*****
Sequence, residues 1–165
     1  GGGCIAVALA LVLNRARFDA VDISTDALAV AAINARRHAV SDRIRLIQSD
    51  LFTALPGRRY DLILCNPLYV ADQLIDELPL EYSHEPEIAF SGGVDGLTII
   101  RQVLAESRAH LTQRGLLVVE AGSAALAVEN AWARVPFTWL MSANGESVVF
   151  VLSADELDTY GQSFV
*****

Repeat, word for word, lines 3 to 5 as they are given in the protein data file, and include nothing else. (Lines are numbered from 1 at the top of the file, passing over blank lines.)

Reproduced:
    51  LFTALPGRRY DLILCNPLYV ADQLIDELPL EYSHEPEIAF SGGVDGLTII
   101  RQVLAESRAH LTQRGLLVVE AGSAALAVEN AWARVPFTWL MSANGESVVF
   151  VLSADELDTY GQSFV